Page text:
On January 26, 2020 (ten days after the first suspension began), investigators made a follow-up inspection of Petitioner. This time, the inspection uncovered cigarettes with Virginia and Georgia stamps, but no New York stamped cigarettes. The improperly-stamped cigarettes were seized and Petitioner received a second notice of suspension of its license to sell cigarettes at retail. Because Petitioner was a repeat-offender, this suspension was for three years, and took effect on February 25, 2020. Surely Petitioner’s owner would now understand how seriously New York took the sale of improperly-stamped or unstamped cigarettes in New York and would never allow Petitioner to violate the law again. 

But, on January 4, 2021, investigators performed another inspection of Petitioner and found another 17 cartons of cigarettes carrying Virginia tax stamps. 


The cigarettes were seized (again), and this time the Division issued a notice of revocation of Petitioner’s license to sell cigarettes at retail for five years. And the investigators also referred the matter to the Department’s Criminal Enforcement Division which, after review, issued a notice of proposed revocation of Petitioner’s sales tax certificate of authority. The result of that revocation would prohibit Petitioner from selling anything.

At the hearing challenging the proposed revocation, Petitioner did not offer any testimony or other evidence, and Petitioner’s representative conceded that Petitioner received the three violations for selling untaxed cigarettes. But “[w]hile not disputing petitioner’s liability, petitioner’s representative argues that its ‘owner has taken extraordinary measures to avoid this from happening again’ and contends that ‘putting him out of business ... seems unduly harsh.’” Judge Russo was not impressed with this defense. The Judge sustained the Notice of Proposed suspension of Petitioner’s Certificate of Authority under Tax Law § 480-a (4)(a)(iii), which permits the Division to revoke the Certificate of Authority of any taxpayer possessing or selling unstamped or unlawfully-stamped packages of cigarettes three or more times within a period of five years.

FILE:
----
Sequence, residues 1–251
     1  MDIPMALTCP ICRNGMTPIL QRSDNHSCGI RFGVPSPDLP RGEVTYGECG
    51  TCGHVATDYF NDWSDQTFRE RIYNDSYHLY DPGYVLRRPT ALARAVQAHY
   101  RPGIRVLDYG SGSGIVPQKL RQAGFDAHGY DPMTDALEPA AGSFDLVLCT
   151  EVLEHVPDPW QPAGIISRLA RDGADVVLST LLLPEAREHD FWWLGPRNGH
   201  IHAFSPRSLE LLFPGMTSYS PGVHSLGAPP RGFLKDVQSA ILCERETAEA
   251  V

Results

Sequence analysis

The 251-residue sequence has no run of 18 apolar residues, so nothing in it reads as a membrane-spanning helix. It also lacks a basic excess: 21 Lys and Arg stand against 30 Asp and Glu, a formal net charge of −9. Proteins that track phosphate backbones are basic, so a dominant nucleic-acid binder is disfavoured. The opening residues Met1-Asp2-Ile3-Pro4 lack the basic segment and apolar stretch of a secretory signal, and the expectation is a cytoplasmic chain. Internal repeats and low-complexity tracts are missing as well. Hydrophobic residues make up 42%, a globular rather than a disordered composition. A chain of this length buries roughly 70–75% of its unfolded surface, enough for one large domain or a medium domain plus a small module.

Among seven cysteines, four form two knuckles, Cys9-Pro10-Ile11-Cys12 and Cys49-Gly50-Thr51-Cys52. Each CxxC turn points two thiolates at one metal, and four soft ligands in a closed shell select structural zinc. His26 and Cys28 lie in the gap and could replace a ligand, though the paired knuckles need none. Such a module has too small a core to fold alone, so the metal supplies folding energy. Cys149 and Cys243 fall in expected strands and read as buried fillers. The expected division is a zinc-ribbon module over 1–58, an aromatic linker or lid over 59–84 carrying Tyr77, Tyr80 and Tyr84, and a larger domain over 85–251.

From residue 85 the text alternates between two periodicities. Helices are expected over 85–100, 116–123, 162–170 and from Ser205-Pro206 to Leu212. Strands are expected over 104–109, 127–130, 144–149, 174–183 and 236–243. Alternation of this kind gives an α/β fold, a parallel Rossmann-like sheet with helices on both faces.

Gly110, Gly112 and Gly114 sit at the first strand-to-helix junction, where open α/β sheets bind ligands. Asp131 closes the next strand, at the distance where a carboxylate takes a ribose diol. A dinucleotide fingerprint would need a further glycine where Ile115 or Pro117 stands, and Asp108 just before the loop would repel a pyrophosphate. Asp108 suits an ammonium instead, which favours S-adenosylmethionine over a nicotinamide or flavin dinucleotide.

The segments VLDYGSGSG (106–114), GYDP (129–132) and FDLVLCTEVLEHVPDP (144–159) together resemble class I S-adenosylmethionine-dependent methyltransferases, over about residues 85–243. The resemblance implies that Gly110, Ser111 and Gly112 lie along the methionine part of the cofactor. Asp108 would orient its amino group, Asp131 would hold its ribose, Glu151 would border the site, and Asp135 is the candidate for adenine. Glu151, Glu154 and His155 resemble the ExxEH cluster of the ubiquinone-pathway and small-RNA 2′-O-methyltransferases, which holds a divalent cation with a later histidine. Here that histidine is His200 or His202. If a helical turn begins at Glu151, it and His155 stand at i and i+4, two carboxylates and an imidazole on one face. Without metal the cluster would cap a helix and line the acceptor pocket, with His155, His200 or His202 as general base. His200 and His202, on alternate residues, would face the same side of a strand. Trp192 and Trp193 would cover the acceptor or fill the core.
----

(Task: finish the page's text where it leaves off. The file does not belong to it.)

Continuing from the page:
I can’t quibble with the result. If there is a red cape that gets the Division’s blood boiling more than the illicit sale of tobacco products, I don’t know what it is. I do, however, take issue with one point raised in the determination. The Judge states: “this forum does not have the jurisdictional authority to mandate a settlement agreement between petitioner and the Division (see Matter of Cal Snyder, Tax Appeals Tribunal, May 5, 2011).” I agree that the cited authority stands for the stated proposition. But, and this has been bothering me for a while, I think the Tribunal had it wrong in Cal Snyder. 

The Tax Law explicitly empowers the Tax Appeals Tribunal and the ALJs as follows: 

“To have the same power and authority as the commissioner of taxation and finance in any instance where such commissioner is authorized to impose, modify or waive interest, additions to tax or civil penalties under this chapter, the environmental conservation law, the general city law, or in any local law, ordinance or resolution imposing taxes pursuant to the authority thereof, and to designate and authorize by resolution of the tax appeals tribunal, duly entered upon its minutes, officers, administrative law judges, and other employees of the division to perform any of such functions.”

Tax Law § 2006(12).

The statute is clear: If the Commissioner has the authority to take an action, then the Tribunal has the authority to take the same action and can delegate that authority to the ALJs. The Commissioner has the authority to compel the Division to settle cases under Tax Law 171 (Eighteenth) (among other provisions of the Tax Law). And if the Commissioner has that authority, so too does the Tribunal (and the ALJs, assuming the Tribunal has delegated the authority). 

The People of the State of New York, acting through its legislative bodies, have bestowed the Tribunal with the same authority as the Commissioner. The Tribunal should use that authority to advance the just enforcement of New York’s tax laws.